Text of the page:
Four Steps to Maintaining Balance in Manufacturing Leadership

Challenges: Leadership, Community, Read

Posted by Dietmar Goellner

Estimated Reading Time : 6 min.

Hello, My name is Dietmar, and I’m a recovering workaholicNew Logo Identity Promotional Material Templates Set of graphic designs, illustrations & concepts for corporate materials

New Logo Identity Promotional Material Templates Set of graphic designs, illustrations & concepts for corporate materialsAsk anyone in the machine shop what to do when a spindle is off balance, and you’ll likely get a straightforward answer. But what about when your manufacturing leadership is off balance? Recently I discussed the challenges of leading a generational family business with Jason, Jim, and my son, Nick, on the MakingChips podcast. That episode will be coming out in the next few weeks.

No matter what stage of your career you’re in, I assure you we all lose our balance at some point.

As President, CEO, and co-owner of Advanced Machine & Engineering Co. and Hennig Inc., I know a thing or two about making chips, and a thing or two about balance.

AME specializes in Machine Tool Design, Workholding Systems, and Metal Cutting Solutions, while Hennig is a global manufacturer of Machine Protection Systems, Chip Conveyors and Filtration Systems, and Machine Enclosures and Facility Safety Equipment. Between these two global manufacturing companies, we have locations in every continent except Antarctica.

Over the years I’ve developed four steps to help me hold it all together. Some rely on instincts, some on business principles, but all of them rely on me, keeping myself accountable for setting the example of good balance from the top down.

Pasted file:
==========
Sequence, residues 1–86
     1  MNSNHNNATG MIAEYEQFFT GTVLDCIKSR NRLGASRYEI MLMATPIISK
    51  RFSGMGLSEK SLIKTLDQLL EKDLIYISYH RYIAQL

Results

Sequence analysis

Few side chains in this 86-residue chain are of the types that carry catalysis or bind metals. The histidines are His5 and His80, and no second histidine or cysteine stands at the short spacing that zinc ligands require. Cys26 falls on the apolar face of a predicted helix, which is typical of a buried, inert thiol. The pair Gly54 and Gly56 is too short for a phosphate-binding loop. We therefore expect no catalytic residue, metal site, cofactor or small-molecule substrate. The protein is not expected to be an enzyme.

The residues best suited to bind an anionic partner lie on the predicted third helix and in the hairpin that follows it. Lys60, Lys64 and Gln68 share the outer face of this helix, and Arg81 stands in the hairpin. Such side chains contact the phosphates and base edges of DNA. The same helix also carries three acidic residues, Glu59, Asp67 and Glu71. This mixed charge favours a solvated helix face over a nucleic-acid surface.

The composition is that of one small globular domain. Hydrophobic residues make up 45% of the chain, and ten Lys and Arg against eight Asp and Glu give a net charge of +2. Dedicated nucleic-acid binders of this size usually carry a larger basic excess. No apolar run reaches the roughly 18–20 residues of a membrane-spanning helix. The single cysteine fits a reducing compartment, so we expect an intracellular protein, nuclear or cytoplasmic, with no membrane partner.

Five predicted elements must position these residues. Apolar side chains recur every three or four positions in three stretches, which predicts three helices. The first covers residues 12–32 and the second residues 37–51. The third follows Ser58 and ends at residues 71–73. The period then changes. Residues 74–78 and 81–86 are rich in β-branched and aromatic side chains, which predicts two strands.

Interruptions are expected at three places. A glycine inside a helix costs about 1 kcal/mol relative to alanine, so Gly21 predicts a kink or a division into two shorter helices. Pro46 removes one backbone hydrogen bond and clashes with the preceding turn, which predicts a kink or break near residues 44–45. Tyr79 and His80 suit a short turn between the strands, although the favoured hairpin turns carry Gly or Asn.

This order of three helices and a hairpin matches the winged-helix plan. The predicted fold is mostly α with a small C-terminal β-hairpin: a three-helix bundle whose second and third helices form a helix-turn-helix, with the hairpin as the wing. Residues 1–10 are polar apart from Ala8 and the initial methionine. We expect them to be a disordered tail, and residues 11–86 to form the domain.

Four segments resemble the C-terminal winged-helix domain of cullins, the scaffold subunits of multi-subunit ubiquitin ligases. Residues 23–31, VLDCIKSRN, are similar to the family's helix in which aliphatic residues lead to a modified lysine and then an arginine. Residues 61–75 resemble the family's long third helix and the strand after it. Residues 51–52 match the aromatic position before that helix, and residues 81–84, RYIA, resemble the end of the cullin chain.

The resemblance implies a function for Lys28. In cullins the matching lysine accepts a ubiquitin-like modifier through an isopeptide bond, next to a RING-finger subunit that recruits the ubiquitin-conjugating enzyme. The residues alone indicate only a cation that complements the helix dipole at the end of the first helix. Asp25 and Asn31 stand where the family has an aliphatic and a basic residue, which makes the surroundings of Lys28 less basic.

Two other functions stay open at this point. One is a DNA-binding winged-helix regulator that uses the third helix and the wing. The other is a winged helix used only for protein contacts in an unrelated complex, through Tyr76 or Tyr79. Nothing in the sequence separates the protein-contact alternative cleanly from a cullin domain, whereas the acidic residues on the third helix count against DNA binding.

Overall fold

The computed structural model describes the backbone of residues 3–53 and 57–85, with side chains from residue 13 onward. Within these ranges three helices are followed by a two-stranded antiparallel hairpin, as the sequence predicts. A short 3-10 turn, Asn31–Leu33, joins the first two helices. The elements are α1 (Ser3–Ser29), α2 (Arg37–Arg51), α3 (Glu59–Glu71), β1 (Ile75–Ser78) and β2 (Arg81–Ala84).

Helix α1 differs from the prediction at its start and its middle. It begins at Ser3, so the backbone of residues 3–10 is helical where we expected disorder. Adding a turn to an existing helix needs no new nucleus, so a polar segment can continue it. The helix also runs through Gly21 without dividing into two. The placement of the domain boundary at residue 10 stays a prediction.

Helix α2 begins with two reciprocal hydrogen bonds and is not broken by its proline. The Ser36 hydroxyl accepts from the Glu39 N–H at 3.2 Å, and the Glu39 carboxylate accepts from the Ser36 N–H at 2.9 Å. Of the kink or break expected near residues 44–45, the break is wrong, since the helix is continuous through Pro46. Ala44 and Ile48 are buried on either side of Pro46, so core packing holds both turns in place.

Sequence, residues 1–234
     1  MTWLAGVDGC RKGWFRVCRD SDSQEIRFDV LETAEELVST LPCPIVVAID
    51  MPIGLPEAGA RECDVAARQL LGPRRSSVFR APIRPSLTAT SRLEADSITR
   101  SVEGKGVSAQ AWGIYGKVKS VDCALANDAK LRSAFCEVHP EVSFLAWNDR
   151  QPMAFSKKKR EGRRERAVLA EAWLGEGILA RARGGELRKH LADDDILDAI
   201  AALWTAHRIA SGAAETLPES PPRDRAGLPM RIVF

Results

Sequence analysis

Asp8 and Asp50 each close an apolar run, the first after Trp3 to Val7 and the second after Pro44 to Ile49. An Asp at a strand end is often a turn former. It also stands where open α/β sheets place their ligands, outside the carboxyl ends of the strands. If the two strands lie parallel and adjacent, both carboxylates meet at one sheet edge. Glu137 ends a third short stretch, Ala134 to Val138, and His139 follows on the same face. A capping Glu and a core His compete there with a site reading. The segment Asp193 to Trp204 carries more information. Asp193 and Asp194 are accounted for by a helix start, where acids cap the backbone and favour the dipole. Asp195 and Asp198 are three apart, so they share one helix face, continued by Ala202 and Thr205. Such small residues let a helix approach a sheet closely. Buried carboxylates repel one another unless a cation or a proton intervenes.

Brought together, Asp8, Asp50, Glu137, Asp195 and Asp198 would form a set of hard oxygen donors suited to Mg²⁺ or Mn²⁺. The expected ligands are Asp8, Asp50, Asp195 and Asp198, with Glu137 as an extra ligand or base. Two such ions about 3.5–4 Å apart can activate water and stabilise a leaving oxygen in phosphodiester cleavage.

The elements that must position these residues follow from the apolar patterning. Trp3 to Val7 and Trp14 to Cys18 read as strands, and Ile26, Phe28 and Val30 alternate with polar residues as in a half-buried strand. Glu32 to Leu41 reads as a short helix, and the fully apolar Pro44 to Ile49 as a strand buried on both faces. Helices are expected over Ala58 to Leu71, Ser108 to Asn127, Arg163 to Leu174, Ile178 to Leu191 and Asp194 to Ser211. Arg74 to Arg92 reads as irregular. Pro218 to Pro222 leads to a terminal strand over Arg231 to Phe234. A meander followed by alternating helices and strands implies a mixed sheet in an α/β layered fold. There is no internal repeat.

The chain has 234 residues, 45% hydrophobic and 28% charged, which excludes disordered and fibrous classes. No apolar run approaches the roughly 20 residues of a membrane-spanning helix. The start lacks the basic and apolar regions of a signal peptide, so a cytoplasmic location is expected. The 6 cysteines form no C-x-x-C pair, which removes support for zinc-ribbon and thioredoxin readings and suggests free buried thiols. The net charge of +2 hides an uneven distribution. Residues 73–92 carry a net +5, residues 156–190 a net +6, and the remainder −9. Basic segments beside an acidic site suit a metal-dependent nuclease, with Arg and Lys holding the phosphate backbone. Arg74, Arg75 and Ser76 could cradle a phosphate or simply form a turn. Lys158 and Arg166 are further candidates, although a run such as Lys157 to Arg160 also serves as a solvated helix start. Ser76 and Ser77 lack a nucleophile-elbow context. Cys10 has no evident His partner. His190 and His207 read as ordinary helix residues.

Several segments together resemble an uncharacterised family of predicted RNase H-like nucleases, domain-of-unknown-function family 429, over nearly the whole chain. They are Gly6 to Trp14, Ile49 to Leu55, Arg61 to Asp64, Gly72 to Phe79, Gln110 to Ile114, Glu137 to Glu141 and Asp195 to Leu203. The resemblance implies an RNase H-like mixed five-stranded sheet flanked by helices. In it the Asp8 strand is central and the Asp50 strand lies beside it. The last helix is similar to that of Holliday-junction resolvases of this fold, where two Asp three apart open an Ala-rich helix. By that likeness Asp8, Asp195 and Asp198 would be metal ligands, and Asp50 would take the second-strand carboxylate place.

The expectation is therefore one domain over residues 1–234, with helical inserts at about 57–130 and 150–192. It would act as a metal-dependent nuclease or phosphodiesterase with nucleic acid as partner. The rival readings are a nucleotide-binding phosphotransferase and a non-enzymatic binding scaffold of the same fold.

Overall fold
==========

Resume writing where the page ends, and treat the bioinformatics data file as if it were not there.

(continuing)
1. Provide a Clear Vision to Great People

As the leader, you set the target and you choose the people. I may be the CEO, but I can do very few jobs as well as the person I have in that position. That’s not by accident.

I have to trust myself to communicate a clear vision, which is how I can be sure everyone is aiming at the same target. That’s only half of the equation. The other half is choosing the right people to execute that vision.

When it comes to assembling a strong leadership team, there’s no exact science, however I look always look for these three things:

They have to get it

In other words, do all of the neurons in his or her brain seem to connect when you explain the job? Ask a few questions to gage if he or she ‘gets’ all of the ins and outs of the position.

Don’t worry, not everyone ‘gets it’. It is not a bad thing; he or she just needs to be in a

different seat.

They have to want it

Does he or she genuinely want to do the job? Sometimes you can tell just by a person’s posture or tone of voice if this is the type of job he or she gets up in the morning wanting to do.